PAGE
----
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Wednesday, 1 February 2017

Maintaining Your Motivation in Fitness

Warning: this is a lengthy post, but if you're not feeling February's motivation, it's worth it.

   January. The month of resolutions. That time of the year when we finally decide to make those big changes. It's fun, really, isn't it? The positivity that comes from doing something good, something worthwhile, be it for you or for someone else - it's difficult to beat and that can really urge you on.
   The trouble is, while it's easy to find the motivation to start, it's even easier to run out of steam. It's far from uncommon that January 28th rolls around, we congratulate ourselves on four weeks well done, and let ourselves fall slack, slip up and say "I'll try again tomorrow". And honestly, that's fine - as long as you do try again tomorrow.
   Failure only happens when you give up - or, y'know, you miss the deadline. But if the change you resolved to make was for the benefit of you and you alone, there is no deadline, not really. You may have taken up a new craft with the goal of having a new product line in your Etsy shop by the summer, or tried to get your dream body in time for your autumn wedding, but just because you might fall short, by a little or a lot, that doesn't render your progress redundant. Not at all.

   That's the most important thing to remember when it feels like you're getting nowhere and you want to give up: every single step you take, no matter how big or small, counts.
   But of course it's only February - it's too soon to start thinking negatively for six months down the line. So instead, we'll focus on the 'now' - an act that could easily obliterate that six-month-negativity and keep it from ever coming to pass.
   First of all, my ultimate goal: I want my dream body. Because I'm entitled to it. But there's no hiding from the fact that it's going to take a lot of work, especially when, like me, your vice is sugar. It is so difficult to maintain a steady pace. And yet, when you look at my blog, it's clear that I'm managing, right?
   Right. And why? Because I've learned a few truths over the past few years that have made it easier. So I'm laying them out for you now to help you maintain your new year motivation and get February off to an eager and healthy start.

First of all: there is no steady pace.
   That's right. The world will work with you some days, against you on others, and you'll find that your body will, too, with completely natural fluctuations. There's also no escaping stress and pressure from sources out of your control - especially these days, but we won't get into politics - just as there's no escaping more positive things that will try to put a dampener on your progress either, like Valentine chocolates (even if they're from yourself), Easter eggs, birthday cake and so on. It's important to realise this, and to give yourself permission to relax when celebrations come around, and to cut yourself some slack if you're hindered by things out of your control. That said, it's also a good idea to find ways to deal with stress that doesn't involve eating. Though it may sound pretentious, I urge you to put aside those preconceptions and try meditation. Just 10 minutes of sitting quietly and focusing on your breath can truly help to eradicate stress. Yoga works really well, too, though that can be less practical as you need space and some time to limber up, first.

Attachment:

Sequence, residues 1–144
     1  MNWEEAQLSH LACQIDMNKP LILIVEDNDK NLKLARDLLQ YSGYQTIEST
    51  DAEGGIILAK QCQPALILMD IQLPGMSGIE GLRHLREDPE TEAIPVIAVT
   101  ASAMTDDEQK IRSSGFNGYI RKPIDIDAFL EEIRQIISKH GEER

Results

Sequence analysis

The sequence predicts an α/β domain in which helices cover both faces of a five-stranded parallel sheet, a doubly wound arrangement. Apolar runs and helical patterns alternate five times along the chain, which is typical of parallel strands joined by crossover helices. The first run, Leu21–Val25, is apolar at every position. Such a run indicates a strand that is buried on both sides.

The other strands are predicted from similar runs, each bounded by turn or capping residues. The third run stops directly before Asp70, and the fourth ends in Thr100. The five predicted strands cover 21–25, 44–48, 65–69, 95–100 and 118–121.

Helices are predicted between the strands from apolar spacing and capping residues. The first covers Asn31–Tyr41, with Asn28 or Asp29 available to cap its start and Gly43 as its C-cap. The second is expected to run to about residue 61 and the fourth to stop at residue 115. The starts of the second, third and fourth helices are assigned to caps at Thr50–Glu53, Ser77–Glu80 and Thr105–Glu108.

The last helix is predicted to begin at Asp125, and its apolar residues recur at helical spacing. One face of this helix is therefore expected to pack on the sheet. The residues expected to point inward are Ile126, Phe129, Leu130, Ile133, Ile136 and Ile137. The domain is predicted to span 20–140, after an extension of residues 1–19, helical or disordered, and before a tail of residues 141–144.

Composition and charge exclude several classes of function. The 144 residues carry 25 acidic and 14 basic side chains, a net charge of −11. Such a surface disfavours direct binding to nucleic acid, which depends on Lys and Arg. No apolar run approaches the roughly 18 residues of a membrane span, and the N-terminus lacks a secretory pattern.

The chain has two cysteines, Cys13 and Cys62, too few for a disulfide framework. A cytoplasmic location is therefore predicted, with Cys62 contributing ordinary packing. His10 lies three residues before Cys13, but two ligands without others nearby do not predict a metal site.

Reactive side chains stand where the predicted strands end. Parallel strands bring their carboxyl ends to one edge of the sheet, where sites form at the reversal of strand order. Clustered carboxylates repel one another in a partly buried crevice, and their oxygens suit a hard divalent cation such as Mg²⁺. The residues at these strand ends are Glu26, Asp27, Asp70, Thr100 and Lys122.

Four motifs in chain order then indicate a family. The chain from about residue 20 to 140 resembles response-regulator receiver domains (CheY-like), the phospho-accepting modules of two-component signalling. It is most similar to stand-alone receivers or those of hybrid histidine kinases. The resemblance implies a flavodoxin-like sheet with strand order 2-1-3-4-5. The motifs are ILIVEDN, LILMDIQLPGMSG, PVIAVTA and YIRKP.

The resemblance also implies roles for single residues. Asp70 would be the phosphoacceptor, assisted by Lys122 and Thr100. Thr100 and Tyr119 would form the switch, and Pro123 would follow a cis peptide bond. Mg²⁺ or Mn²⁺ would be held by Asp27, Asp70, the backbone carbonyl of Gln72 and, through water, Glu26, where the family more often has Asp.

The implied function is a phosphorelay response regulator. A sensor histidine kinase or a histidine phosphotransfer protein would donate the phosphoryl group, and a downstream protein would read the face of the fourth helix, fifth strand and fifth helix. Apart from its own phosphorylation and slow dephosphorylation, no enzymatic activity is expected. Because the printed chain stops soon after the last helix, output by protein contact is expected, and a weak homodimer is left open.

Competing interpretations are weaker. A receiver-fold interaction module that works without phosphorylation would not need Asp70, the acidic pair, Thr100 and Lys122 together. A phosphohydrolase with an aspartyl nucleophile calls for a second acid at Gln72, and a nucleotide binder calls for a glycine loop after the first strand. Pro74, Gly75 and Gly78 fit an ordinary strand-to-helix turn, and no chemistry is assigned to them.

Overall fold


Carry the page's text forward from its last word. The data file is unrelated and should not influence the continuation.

Keep away from the scales.
   Weight fluctuates, and if you're working out with weights - which you should be - the scales are absolutely not going to reflect your progress. When I first started out, I was doing general running and aerobics using the Wii fit my boyfriend had bought me for my first birthday with him (he wasn't dropping a hint; he was picking up on one of mine). It told me to weigh in every day, so I did, before my exercise at about 9am every morning. And yet, even though I had exercised every day, I weighed more every morning than I did the last. This was extremely disheartening. But he had spent too much money, so I couldn't give up, so I weighed in again on Monday after having Saturday and Sunday off. And what I found surprised me: I weighed less that morning than I had the Monday before. This was a pattern that happened every week, without fail, and it taught me that exercise puts a strain on your body, and your body's recovery seems to make you weigh more. But with a day or two without exercise, giving your body the chance to recover properly, your body levels out. Just as you might find your waist looks bigger, feels bigger and perhaps actually measures more after an ab workout. Because you're swollen.
   In short: keep away from the scales, rely on a tape measure instead, but don't do either more than once every two weeks. Better still, don't weigh or measure at all, just go by the fit of your clothes. Whether you know what the number is on the tape or the scales or not does not affect the results you have. Just keep going.

Broaden your options.

   Exercise and fitness goes way beyond running, swimming and cycling. You know, I've never been to a gym? I also can't swim, can't ride a bike (I kid you not), and generally don't really run. All of my fitness, and the resulting drop from a size 16 to a size 8, has been done in the comfort of my living room.
   With the help of twitter, pinterest and general workout websites and magazines, I've discovered the presence of all kinds of different fitness activities, and have tried many via DVD, youtube or other free resources. When I started, I thought the RSC - run, swim, cycle - weights and dance DVDs. And weights were out of the question because I had the dire misconception that weights would make me look like a man.
   But I started branching out, after getting bored with the same 3 dance DVDs and the Wii fit, so I started trying a few of the things I'd glimpsed, like hula hooping, or giving Jillian Michaels' 30 Day Shred a go. This was in 2014, and since then I've discovered drumming-inspired workout, POUND, African dance workout Kukuwa, ballet-style BarreAmped, kung fu with the Shaolin Warrior Workout. I've tried new kit like pilates rings, body bars, body bands and kettlebells. And I've tried and fallen head over heels in love with yoga, kickboxing and kettlebells.
   By working out at home, your options are still immensely broad, and by taking advantage of the fitness craze that has grasped the world and encouraged indie trainers to develop their own unique forms of exercise, you can seriously keep yourself bouyed, as well as stave off plateaus and keep your results coming.
   I generally switch up my workout every month - a brand new DVD, routine or program, and I always try to make sure that the activities are never similar on consecutive months. I'll do barre one month, kettlebells another, Pilates another and kickboxing the next.

http://www.ablackbirdsepiphany.co.uk/2016/01/january-pound.html